The music industry has undergone a massive transformation in recent years. We have seen the advent of the internet leave its mark on music, and most notably, 1999 spelled the coming of Napster. This then-revolutionary peer-to-peer online streaming service defined a whole generation and enabled musicians to share their creations with the world.
Streaming has become the dominant format for music today, through Apple, Amazon, Tencent Music and the clear category winner — Spotify. The goal of distribution services and platforms like Spotify is to enable and empower artists to create more without worrying about anything besides honing their craft.
However, that’s just on paper — does reality reflect this utopian ideal? Not so much.
Sure, the “transformation” of music in the past decades is evident, but it seems that someone got left behind. And the saddest thing is that those who got left behind are the very artists that make us all get goosebumps, make our feet move and bring the widest of smiles on our faces.
The economics of streaming are tough. Platforms like Spotify operate under a business model where the platform operator takes a cut for each stream. That makes sense as Spotify offers better-than-nothing distribution, but there is still a huge problem. Ultimately, it is roughly 70% that ends up with the music rights holders, and the discovery feature tends to put lesser-known artists at a disadvantage vis-a-vis the household names. The result is a top-heavy distribution funnel benefitting the already-made-it musicians.
It isn’t yesterday’s news that music is still a rather damp and dark place for most artists trying to win bread by creating and doing the above. The industry is still plagued by revenue-hogging intermediaries seeking to undercut those who matter most. If you aren’t like the Taylor Swifts, Billie Eilishes and Justin Biebers of the world, you are likely struggling to make ends meet. And even if you are like them, you are probably not getting your due either.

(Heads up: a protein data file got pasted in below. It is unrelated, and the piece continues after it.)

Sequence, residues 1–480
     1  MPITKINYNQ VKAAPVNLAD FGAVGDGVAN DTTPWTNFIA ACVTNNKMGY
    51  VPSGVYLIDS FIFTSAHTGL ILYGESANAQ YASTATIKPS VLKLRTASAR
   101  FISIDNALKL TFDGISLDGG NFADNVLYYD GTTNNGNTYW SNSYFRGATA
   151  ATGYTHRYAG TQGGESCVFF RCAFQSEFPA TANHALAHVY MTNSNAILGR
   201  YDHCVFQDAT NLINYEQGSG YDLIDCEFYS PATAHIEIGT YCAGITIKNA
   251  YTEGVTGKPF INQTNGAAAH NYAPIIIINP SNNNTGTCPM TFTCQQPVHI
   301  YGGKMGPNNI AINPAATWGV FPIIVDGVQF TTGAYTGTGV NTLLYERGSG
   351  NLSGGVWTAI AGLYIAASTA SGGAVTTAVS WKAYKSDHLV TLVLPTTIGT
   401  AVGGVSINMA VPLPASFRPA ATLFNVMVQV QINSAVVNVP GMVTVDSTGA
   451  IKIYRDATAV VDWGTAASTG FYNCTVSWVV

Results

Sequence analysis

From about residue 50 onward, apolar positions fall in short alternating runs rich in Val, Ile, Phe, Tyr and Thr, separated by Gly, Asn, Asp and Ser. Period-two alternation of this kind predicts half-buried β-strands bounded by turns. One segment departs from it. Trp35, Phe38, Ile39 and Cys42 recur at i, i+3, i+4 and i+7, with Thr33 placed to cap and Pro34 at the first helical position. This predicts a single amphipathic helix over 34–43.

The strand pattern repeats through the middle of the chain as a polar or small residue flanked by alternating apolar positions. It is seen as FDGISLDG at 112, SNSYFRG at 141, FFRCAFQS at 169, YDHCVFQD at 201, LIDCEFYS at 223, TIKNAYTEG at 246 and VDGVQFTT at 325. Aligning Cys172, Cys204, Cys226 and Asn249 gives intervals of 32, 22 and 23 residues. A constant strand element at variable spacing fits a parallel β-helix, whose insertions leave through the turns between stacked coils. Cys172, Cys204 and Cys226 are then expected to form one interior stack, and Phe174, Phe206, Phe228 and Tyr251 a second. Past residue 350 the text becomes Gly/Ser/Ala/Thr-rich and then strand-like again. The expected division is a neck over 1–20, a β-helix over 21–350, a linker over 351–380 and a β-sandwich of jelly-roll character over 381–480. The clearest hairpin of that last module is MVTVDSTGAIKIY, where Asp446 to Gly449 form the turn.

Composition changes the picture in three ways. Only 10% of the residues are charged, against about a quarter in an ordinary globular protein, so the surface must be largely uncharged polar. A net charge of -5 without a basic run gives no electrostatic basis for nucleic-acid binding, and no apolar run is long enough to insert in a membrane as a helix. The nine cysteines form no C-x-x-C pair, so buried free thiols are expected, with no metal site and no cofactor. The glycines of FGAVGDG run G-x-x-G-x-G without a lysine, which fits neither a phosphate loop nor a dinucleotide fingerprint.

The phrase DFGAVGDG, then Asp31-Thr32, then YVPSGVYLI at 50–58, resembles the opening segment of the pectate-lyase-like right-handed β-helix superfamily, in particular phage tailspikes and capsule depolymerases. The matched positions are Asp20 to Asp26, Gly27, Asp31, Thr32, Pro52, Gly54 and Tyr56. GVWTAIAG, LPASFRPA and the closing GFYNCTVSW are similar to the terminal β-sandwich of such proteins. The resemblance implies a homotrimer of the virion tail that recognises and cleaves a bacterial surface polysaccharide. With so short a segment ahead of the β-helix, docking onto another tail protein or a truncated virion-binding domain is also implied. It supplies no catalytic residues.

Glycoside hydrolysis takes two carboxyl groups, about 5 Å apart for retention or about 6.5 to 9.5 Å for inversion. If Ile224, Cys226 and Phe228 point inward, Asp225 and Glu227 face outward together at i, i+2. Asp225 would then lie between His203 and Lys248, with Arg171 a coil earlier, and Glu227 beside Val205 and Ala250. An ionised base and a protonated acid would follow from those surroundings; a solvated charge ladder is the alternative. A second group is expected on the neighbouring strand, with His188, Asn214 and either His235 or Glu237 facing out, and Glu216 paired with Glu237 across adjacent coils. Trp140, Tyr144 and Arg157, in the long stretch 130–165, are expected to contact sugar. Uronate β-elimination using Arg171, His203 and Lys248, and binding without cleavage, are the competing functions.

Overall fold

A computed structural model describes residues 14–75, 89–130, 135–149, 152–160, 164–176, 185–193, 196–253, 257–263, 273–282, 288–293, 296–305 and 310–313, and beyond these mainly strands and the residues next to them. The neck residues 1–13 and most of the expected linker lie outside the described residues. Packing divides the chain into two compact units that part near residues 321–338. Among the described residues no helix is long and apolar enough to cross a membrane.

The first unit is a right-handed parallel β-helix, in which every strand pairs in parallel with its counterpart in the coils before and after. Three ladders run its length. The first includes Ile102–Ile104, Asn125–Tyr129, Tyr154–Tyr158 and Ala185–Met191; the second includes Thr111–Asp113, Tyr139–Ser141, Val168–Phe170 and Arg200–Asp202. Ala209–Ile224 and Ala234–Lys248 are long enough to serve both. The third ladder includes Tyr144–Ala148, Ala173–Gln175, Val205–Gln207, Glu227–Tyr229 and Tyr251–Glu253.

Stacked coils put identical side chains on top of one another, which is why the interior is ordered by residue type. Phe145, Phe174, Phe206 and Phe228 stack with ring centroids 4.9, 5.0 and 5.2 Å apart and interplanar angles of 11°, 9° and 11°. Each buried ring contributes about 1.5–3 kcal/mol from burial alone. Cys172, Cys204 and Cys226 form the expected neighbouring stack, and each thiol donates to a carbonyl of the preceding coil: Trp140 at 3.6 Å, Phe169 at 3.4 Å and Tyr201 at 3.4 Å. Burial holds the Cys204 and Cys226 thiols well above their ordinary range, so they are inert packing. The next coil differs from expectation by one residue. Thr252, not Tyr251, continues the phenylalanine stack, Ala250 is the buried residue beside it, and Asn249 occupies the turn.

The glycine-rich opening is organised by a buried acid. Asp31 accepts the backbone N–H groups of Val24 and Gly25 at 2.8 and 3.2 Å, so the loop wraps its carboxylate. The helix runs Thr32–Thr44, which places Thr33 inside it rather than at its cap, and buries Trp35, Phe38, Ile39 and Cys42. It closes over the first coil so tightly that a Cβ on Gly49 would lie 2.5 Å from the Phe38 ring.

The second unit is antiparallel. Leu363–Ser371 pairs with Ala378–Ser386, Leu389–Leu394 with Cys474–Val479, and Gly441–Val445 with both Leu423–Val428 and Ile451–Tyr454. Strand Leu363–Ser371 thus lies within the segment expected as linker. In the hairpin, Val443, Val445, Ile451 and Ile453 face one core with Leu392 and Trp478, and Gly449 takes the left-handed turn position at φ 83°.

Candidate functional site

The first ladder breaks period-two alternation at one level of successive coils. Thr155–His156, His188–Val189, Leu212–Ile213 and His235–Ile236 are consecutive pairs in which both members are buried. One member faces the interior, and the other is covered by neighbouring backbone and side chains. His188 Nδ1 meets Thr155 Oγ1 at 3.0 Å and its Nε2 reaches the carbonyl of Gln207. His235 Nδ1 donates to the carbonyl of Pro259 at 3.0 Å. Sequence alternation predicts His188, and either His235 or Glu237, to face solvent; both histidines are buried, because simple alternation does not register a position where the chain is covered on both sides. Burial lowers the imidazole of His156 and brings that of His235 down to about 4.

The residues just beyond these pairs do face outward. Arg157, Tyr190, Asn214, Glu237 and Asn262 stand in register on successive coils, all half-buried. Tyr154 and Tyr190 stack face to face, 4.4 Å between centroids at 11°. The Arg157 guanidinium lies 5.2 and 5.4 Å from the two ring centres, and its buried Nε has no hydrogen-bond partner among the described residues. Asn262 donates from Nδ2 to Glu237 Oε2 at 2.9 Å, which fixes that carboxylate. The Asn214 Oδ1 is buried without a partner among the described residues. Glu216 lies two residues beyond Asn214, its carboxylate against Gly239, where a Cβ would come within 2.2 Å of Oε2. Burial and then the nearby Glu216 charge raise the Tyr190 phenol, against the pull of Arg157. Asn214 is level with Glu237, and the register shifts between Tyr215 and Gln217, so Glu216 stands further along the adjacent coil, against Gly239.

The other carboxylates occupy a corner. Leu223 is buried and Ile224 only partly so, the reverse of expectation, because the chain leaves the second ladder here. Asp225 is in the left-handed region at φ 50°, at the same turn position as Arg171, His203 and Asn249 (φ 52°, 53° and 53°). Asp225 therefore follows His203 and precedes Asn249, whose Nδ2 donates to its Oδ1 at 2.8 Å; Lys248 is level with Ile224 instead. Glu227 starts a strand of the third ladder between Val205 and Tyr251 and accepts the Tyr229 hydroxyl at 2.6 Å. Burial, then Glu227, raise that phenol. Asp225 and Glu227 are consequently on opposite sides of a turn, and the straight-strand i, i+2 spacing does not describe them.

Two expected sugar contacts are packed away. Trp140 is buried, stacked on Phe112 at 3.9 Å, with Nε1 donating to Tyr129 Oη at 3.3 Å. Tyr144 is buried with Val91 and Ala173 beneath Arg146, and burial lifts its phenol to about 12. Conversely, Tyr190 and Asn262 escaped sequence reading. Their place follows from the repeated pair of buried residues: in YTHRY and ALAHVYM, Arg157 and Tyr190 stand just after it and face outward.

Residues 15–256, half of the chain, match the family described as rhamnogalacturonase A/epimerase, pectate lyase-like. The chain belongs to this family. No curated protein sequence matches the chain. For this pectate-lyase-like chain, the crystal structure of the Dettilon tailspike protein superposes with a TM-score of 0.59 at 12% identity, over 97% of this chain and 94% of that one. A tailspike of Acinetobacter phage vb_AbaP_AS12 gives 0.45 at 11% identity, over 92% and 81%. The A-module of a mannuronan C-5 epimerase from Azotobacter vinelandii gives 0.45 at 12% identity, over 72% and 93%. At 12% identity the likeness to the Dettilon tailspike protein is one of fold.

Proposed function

On the bright side… change is coming. No, scratch that — change is here.
Ushering in a new era of music
Nonfungible tokens (NFTs) and the underlying technology are introducing a whole new ball game and a level-playing field that will enable and empower artists. What NFTs do is unlock value by making digital scarcity real and assetized. At the same time, they allow musicians, designers and everyone in between to exercise control over their work, effectively making them masters of distribution.
Related:NFTs are a game changer for independent artists and musicians
Do you remember the first NFT you bought? And do you also remember the feeling after you bought it? Felt quite remarkable, didn’t it? That’s another thing about digital collectibles — owning them, stacking them, is simply intoxicating.
Now, imagine if you could support your favorite artist and get your hands on their latest hit directly from them and get the “NFT kick” out of it too. Say you want to attend a festival filled with all your favorite DJs — wouldn’t it be an absolute delight to be able to get your ticket straight from the source? And how rad would it be to also get a unique, customized and one-of-a-kind proof of attendance with your very own name in there? Now we’re talking.
Alright, that’s all cool and soon to be ubiquitous, but what’s the deal with streaming platforms like Spotify? Great question. Most certainly mean well (at least so we hope) and have moved the needle in the right direction. However, that’s not quite enough in a world littered with arbitrary numbers and standardized screens.
Reintroducing scarcity and making music feel unique again
Digital scarcity is necessary to create a unique user experience and enable fans to form longer-lasting and more profound connections with their favorite artists.
As it stands, there is nothing truly unique about music on Spotify — tracks don’t come in limited editions, music connoisseurs are not able to get their hands on rare album releases, and Spotify lacks a scarcity system. Think about it — if you are a diehard fan of the Canadian DJ and producer Deadmau5, you would probably want to own the #1 release of a given track or an album. Or then the #10 release, or #50 — something with a higher intrinsic value that showcases your love for a given artist. Why doesn’t that exist?
Such a “tiered” system of releasing music would undoubtedly benefit the artist since limited and early editions imply higher value. At the same time, it also enables fans to grow together with the artist. Take that #1 release of a Deadmau5 track you own as an example. The moment the track makes it into, say, the Weekly Top 10, others will see your name right next to it — that way, fans can get a slice of the “fame” pie.